History of Finchingfield
Reproduced courtesy of The Francis Frith Collection.
History of Finchingfield >> White's Directory 1848
White's Directory of Essex 1848
FINCHINGFIELD is a large and well-built village, pleasantly situated on an acclivity, and in the vale of a tributary stream of the river Blackwater, about 9 miles North West by North of Braintree, and West by South of Halstead.
Its extensive parish contains 2262 inhabitants, and 8011 acres of land, including Daw Street, near the Blackwater, about a mile south; and Cornish Hall End, Tinkers Green, Howe Street, Spains End, Robin Hood's End, and Little London, from 1 to 3 miles north of the village.
The parish has many scattered farmhouses, and several neat mansions; and the soil varies from a deep clayey loam, to a light gravelly pasture ground, near the river Pant, or Blackwater.
The surface is generally low, but in some parts it rises boldly to a considerable height. A fine white sand, in which are many fossil shells, mixed with veins of white and blue clay, is found in various places, especially in the high lands called Justice Hill. There are several small hop plantations in the parish, but hops were formerly grown here much more extensively than at present.
Jno. Ruggles Brise, Esq., is lord of the principal manors, and has a fine old seat here, called SPAINS HALL, standing in a small, well-wooded park, and evidently rebuilt in the early part of the reign of Elizabeth, as its front is a fine specimen of the domestic architecture of that period.
At Domesday Survey, the manor of Spains Hall was held under Count Alan by Hervey de Hispania, from whom it had its name.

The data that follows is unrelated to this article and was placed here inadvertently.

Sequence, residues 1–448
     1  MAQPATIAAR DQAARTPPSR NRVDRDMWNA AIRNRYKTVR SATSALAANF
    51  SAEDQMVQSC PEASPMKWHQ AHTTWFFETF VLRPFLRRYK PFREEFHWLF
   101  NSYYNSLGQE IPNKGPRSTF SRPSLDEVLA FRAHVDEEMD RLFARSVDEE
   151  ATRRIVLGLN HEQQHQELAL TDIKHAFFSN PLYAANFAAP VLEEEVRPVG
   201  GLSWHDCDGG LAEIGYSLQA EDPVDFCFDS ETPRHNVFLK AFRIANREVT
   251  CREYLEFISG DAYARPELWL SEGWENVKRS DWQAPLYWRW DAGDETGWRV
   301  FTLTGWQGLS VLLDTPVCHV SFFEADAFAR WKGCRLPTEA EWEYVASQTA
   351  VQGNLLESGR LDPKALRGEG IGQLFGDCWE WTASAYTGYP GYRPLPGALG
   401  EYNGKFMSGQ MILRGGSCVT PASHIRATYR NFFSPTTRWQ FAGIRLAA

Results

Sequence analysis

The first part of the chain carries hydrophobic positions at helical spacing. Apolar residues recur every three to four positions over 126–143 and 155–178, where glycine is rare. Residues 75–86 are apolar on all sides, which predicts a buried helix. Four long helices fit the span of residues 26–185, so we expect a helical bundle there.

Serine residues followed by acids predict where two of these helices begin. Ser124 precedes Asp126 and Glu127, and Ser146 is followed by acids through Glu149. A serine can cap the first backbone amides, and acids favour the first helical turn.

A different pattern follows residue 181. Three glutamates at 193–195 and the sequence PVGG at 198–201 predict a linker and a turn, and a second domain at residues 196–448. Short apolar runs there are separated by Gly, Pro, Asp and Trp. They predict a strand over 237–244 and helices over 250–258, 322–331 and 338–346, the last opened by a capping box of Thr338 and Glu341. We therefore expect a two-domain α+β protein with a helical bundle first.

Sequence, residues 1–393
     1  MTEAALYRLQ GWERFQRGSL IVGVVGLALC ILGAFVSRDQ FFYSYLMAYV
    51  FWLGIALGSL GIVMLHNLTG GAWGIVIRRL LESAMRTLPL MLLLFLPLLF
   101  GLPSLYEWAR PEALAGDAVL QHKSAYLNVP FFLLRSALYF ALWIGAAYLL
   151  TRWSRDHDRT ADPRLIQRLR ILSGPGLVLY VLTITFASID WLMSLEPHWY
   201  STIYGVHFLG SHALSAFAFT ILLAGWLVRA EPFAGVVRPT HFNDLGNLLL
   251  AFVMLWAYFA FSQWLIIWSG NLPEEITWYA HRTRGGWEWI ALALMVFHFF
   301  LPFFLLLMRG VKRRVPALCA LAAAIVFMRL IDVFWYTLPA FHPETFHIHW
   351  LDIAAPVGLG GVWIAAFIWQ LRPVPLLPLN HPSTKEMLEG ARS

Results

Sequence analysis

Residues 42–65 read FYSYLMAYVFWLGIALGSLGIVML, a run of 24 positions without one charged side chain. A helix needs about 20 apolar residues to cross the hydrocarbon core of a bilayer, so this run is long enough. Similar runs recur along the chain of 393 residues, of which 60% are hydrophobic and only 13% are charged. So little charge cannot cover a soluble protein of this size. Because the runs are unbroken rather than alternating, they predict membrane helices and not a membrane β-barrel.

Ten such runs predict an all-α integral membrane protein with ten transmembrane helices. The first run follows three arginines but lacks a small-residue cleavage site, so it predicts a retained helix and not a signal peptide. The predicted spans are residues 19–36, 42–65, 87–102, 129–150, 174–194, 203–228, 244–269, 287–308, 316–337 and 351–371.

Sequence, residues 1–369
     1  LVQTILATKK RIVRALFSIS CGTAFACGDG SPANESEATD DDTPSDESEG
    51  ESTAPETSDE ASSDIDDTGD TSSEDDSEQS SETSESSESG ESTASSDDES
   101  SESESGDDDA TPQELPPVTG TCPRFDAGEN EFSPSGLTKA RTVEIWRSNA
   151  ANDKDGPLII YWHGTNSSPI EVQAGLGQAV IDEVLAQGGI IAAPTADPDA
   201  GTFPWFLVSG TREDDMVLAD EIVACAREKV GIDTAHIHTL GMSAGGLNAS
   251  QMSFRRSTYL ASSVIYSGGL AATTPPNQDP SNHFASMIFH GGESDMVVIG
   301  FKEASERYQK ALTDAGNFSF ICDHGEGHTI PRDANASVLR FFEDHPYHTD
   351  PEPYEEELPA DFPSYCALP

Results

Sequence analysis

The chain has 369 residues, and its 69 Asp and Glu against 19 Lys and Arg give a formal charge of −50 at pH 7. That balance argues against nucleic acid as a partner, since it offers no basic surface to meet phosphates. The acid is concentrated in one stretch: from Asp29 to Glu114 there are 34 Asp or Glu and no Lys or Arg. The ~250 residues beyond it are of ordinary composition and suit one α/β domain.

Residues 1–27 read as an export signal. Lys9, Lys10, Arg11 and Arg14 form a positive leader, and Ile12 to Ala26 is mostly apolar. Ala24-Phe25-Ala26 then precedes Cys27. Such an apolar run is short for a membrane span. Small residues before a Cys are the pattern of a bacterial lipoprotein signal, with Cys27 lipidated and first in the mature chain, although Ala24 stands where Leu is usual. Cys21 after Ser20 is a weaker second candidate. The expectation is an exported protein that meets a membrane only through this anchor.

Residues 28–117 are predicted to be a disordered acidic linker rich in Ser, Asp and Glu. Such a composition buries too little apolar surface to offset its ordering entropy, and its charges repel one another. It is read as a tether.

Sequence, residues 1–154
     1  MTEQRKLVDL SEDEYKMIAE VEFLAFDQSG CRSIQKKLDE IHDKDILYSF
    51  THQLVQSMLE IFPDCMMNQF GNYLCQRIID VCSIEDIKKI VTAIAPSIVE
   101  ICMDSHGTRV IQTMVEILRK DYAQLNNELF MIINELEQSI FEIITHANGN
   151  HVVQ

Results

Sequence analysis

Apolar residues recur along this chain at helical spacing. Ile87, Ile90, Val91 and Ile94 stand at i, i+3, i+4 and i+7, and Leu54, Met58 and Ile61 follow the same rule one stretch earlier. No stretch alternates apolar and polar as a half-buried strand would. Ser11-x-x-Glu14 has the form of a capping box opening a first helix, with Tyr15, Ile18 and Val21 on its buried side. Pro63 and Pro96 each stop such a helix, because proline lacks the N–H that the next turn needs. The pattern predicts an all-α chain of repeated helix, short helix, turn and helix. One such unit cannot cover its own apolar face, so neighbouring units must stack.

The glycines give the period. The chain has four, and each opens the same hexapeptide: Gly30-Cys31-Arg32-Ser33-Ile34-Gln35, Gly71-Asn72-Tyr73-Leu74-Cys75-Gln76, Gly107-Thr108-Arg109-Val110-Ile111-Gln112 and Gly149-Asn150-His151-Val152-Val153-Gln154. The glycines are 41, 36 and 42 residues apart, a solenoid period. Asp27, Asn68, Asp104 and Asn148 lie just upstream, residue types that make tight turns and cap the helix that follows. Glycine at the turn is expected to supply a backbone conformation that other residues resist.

Hezekiah Smith, Esq., is lord of the manor of Nortofts; and G. W. Gent, Esq., owns several farms here, and is lord of the manor of Cornish Hall. The estates of Ashwell Hall and Hawkins Harvest belong to Guy's Hospital.
Many smaller owners have estates in the parish, mostly free and partly copyhold. Some of the latter are subject to arbitrary and others to certain fines.
St John's Church, Finchingfield.
© Copyright John Salmon contributor to the Geograph Project and licensed for reuse under this Creative Commons Licence
The Church (St. John the Baptist,) is an ancient structure on a bold eminence, and has a stone tower, which contains eight bells, and was formerly surmounted by a lofty spire, which was blown down in 1702.
It was anciently appropriated to Thetford Priory, and the rectorial tithes now belong to Rd. Marriott, Esq. The Vicarage, valued in K.B. at £18, and in 1831 at £528, is in the patronage and incumbency of the Rev. John Stock, M.A., who has about 40A of glebe, and in 1843 rebuilt the Vicarage House, in the Tudor style. The vicarial tithes were commuted in 1842, for £721 per annum.
In the chancel are chapels belonging to the manors of Spains Hall and Petches. In the former is a monument in memory of Wm. Kemp, Esq., of Spains Hall, who died in 1628, and for one inadvertence in speech imposed on his tongue a seven year silence. Here was anciently a religious fraternity, called Trinity Guild.